Those summer stalwarts, the black marlin continue to attract most of the game fishing effort along the Coffs Coast, with Spanish and spotted mackerel a close second.
Initially the blacks were quite small, around 20-25kg, but as the weeks of summer slipped by, a slightly older class of fish from 50-70kg became more dominant. These are honest performers on medium tackle and can be a real challenge on lighter gear.
Lures have been hit and miss, as they tend to be, so live baiting is definitely the safest bet. Of course, bait, especially slimy mackerel, can become difficult to source when the marlin and macks are on the rampage. Consequently, it pays to have an outfit rigged with a bait jig ready to deploy at a moment’s notice should you stumble across a school out in the middle of nowhere.
A good trick from the south coast is to immediately swap out one of the bridled baits with a just-caught freshie. It’s amazing how often it gets nailed within minutes — or seconds. Drifting through the school for a bit, just letting the bait swim around down there, isn’t a bad plan either.
Live baiting also produces hammerheads, and with circle hooks being used more these days there are few bite-offs. Most are little tack hammers, but there’s been the odd sledgehammer over 100kg as well.
Black marlin hotspots have been the Wide Bait Ground when the water is good and bait is holding there, then anywhere from the FAD out to The Lump and down to the wave recorder buoy. A couple of fish have also come from The Patch.
But where are the blue marlin? They’ve proven to be elusive after an early flurry back in spring that augured well for the season ahead, but with reliable marlin activity in close, not too many boats have ventured wide. With the water over 28.5°C at times there could be any amount of blues swimming past, but it’s a big ocean when you’re out there on your lonesome.
A few striped marlin continue to bob up from 40 fathoms to well wide of the shelf, which is not unheard of for this time of year as their temperature tolerance is massive. When you’re conditioned to seeing a small dorsal fin appear behind a lure, having what looks like a giant sail suddenly put in an appearance sure makes the heart skip a beat!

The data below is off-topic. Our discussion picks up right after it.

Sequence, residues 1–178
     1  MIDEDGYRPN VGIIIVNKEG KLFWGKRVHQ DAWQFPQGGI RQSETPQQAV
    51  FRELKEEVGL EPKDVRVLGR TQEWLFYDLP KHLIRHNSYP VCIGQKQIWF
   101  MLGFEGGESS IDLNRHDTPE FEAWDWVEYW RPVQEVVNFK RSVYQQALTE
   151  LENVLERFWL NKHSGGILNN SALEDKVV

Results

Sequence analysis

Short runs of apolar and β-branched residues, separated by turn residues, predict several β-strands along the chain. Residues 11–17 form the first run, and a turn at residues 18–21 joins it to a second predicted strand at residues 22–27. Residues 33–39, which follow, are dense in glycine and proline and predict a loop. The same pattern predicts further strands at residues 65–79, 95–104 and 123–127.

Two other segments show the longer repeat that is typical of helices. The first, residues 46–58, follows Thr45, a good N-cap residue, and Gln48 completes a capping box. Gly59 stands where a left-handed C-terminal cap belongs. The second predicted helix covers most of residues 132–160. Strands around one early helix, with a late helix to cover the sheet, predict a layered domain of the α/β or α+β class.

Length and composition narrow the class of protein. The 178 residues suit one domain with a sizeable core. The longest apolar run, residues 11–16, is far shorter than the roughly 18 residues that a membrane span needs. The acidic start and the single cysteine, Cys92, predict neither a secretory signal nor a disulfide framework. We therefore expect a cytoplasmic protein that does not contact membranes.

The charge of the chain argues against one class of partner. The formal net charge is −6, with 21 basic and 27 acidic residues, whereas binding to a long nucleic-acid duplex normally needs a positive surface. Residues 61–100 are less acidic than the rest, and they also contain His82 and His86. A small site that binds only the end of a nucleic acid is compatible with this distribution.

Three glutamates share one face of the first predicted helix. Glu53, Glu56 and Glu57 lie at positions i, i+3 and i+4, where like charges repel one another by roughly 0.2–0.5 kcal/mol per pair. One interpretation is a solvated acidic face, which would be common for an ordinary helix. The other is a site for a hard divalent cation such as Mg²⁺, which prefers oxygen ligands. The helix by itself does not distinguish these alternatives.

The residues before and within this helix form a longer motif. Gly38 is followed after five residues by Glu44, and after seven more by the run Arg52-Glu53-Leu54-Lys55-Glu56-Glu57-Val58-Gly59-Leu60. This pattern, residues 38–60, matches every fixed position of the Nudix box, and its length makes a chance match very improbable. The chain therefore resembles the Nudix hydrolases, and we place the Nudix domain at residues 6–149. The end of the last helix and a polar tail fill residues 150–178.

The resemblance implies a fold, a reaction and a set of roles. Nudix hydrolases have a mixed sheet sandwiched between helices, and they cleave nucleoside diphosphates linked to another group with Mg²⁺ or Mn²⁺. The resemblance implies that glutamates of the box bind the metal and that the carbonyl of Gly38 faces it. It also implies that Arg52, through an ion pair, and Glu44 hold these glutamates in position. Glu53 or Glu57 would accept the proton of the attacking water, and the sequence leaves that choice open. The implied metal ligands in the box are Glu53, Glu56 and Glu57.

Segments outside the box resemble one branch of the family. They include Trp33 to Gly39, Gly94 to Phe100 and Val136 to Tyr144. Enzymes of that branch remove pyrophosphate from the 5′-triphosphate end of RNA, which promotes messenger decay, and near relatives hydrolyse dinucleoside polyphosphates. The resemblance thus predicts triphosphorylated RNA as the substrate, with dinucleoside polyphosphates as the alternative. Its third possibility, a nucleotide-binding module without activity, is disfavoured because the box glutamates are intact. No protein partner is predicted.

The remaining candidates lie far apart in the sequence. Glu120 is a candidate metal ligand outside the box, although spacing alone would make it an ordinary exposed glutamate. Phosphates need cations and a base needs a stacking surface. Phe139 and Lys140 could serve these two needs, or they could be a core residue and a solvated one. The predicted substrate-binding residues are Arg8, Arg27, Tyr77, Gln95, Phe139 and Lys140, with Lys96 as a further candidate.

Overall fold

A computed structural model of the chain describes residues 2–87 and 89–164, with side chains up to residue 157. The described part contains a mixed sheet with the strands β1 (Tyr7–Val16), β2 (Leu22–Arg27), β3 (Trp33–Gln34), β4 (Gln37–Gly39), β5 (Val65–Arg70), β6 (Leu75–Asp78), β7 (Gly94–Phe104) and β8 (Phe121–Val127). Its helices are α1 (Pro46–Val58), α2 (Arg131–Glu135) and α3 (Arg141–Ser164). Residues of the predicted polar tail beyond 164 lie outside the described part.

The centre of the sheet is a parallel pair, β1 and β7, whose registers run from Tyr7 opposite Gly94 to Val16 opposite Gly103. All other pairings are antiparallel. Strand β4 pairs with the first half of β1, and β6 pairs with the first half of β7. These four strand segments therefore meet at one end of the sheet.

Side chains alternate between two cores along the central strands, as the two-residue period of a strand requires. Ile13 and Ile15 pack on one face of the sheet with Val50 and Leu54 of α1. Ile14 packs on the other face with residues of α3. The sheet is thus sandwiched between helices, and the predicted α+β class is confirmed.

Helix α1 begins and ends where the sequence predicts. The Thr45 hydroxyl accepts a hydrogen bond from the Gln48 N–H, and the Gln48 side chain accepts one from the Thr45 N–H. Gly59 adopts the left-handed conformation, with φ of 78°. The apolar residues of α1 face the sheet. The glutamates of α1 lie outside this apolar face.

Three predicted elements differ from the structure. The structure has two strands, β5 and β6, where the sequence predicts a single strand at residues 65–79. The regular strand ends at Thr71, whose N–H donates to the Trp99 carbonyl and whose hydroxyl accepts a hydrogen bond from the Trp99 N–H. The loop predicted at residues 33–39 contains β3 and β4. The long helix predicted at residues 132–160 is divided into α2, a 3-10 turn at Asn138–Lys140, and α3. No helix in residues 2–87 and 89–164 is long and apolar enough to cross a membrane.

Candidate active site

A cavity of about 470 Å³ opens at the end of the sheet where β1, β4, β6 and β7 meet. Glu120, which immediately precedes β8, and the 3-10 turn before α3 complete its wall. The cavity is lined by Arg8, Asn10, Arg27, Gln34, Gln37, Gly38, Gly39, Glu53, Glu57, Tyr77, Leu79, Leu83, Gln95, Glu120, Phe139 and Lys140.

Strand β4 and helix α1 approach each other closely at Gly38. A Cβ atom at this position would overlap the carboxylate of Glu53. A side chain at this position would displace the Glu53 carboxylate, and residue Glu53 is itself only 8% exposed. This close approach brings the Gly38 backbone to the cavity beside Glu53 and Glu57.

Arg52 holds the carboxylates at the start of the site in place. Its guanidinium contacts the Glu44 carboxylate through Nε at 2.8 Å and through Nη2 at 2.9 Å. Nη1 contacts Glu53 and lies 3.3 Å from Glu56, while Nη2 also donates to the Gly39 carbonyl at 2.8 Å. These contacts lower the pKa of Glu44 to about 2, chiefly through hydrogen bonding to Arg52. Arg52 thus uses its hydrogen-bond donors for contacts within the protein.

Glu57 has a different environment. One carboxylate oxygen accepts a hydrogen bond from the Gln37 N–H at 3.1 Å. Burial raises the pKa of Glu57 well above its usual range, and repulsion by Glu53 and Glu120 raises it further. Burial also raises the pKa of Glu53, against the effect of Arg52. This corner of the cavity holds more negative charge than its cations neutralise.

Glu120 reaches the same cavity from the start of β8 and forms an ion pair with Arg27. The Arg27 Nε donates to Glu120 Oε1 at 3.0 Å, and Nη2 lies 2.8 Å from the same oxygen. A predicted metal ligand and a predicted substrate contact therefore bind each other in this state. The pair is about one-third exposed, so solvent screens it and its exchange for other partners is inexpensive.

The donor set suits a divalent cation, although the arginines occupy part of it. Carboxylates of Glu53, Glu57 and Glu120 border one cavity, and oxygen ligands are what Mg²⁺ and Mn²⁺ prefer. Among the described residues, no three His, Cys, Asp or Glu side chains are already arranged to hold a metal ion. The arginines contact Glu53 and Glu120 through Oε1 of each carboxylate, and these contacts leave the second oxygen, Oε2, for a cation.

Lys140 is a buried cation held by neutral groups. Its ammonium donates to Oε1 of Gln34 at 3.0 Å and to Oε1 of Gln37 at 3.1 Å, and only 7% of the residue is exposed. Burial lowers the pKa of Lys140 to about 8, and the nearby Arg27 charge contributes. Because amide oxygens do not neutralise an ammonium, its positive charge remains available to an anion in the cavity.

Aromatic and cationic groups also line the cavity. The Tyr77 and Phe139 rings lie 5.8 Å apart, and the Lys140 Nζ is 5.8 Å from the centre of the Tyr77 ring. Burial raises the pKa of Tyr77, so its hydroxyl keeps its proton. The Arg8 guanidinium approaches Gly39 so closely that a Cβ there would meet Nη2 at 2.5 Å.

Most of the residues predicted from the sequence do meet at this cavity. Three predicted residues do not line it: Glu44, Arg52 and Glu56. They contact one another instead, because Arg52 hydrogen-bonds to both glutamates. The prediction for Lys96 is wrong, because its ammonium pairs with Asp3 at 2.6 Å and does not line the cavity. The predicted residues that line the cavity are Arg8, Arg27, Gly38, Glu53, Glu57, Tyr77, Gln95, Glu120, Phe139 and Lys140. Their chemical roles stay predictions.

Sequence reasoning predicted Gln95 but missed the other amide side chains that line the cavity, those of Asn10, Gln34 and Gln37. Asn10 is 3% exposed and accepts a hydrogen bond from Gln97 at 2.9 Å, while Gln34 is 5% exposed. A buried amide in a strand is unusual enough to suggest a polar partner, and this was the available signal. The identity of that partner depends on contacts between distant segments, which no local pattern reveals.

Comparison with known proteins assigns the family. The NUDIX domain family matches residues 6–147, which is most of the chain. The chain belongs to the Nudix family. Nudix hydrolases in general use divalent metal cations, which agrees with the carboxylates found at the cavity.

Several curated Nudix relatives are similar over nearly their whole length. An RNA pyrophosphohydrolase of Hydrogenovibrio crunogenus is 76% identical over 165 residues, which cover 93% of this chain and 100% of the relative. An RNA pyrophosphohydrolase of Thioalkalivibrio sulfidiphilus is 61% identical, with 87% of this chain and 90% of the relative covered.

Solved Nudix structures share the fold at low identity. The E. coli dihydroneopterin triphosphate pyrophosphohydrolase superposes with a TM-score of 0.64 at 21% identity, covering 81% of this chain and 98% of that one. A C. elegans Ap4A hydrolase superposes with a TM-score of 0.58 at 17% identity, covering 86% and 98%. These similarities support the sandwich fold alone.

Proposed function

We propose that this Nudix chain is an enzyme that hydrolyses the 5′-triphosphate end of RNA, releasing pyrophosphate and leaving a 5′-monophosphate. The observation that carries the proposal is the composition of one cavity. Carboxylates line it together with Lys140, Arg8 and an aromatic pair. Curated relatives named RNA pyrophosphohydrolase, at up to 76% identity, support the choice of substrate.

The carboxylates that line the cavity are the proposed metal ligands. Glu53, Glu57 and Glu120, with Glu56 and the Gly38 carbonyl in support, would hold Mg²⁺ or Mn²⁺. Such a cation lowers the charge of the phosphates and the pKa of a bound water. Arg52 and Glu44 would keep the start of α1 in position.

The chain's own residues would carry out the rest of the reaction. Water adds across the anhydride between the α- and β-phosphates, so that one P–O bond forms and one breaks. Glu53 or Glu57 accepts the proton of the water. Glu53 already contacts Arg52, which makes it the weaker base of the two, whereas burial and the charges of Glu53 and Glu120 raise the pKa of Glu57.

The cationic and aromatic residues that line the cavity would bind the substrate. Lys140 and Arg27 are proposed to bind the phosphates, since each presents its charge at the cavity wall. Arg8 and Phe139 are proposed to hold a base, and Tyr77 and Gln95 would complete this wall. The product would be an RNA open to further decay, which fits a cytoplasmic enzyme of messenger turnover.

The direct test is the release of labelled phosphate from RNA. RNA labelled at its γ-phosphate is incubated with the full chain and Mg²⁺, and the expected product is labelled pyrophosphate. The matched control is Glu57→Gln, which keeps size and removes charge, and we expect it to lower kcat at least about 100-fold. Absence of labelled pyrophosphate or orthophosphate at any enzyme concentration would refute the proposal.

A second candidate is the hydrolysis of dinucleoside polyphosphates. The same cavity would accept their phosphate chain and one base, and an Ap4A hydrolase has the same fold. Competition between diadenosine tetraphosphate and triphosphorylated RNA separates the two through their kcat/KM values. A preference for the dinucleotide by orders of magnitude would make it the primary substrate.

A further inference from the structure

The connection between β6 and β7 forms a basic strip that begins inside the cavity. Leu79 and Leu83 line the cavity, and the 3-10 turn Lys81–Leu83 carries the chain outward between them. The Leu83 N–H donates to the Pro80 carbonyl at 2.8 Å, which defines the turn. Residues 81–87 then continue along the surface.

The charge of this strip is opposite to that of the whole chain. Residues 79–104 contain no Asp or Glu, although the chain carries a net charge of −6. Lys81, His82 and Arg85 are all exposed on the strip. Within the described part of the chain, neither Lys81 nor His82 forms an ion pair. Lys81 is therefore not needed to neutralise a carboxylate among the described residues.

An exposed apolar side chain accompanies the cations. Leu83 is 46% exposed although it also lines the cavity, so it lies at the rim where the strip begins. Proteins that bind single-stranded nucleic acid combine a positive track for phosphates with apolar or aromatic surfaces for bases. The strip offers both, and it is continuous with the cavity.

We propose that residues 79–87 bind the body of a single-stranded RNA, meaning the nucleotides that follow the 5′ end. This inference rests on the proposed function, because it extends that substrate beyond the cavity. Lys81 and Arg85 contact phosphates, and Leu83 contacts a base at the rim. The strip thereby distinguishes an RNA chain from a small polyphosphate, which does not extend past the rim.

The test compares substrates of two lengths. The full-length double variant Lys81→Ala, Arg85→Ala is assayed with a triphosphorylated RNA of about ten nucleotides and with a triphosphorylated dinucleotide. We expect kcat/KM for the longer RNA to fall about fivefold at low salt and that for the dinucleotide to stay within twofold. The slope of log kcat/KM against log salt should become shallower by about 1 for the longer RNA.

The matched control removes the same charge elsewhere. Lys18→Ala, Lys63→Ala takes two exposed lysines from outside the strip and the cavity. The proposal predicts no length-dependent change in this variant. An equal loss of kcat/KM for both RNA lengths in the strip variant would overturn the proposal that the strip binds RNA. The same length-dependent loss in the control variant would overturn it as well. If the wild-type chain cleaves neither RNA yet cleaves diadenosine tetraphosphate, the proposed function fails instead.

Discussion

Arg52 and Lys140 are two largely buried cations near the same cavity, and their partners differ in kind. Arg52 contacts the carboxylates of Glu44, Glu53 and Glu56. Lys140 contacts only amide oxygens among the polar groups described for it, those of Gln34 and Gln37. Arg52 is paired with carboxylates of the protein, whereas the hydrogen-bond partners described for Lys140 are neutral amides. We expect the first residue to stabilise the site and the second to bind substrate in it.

The razor gang have made quite a bit of news lately. Wahoo, which have been absent for quite a few seasons, are more present this year. They’re not monsters, probably a 10kg average, but they’re a welcome by-catch provided they don’t wreck any lure skirts. Another member of the razor gang tribe, the barracuda, was a surprise catch back in February for Solitary Islands Game Fishing Club member George Blackwell, who caught a solid 15kg model out wide.
The Solitary Islands group have long thrown up an eclectic mix of tropical and temperate species, but in recent years divers are seeing even more dogtooth tuna around North Solitary and even up at the light. They’re not big and often hang out with their cousins the bonito; the white tips of the second dorsal and anal fin make them stand out from the school. Green jobfish are also becoming more numerous and a ferocious 14kg jobby was speared a while back.
The Spanish have increased in both numbers and size, and it’s shaping up to be another good season — and a month early too! Of course they’re liable to switch off at the drop of a hat if the water changes or the bait disappears — often together — so never take a hot bite for granted, as it could well be a marine desert the next day. Excessive rain doesn’t help the mackerel chasers’ cause and we’re long overdue for a big drop on the mid north coast, worse luck.Reads: 872